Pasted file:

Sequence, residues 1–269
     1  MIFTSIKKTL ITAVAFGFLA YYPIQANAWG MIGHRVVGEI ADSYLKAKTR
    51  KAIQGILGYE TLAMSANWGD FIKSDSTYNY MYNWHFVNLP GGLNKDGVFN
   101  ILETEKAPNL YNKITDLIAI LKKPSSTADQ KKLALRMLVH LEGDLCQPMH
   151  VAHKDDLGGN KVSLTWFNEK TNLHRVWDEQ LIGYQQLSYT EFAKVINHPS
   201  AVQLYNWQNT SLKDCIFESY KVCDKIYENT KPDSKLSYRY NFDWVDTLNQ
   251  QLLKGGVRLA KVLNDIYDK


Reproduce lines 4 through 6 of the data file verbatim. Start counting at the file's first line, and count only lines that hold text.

   101  ILETEKAPNL YNKITDLIAI LKKPSSTADQ KKLALRMLVH LEGDLCQPMH
   151  VAHKDDLGGN KVSLTWFNEK TNLHRVWDEQ LIGYQQLSYT EFAKVINHPS
   201  AVQLYNWQNT SLKDCIFESY KVCDKIYENT KPDSKLSYRY NFDWVDTLNQ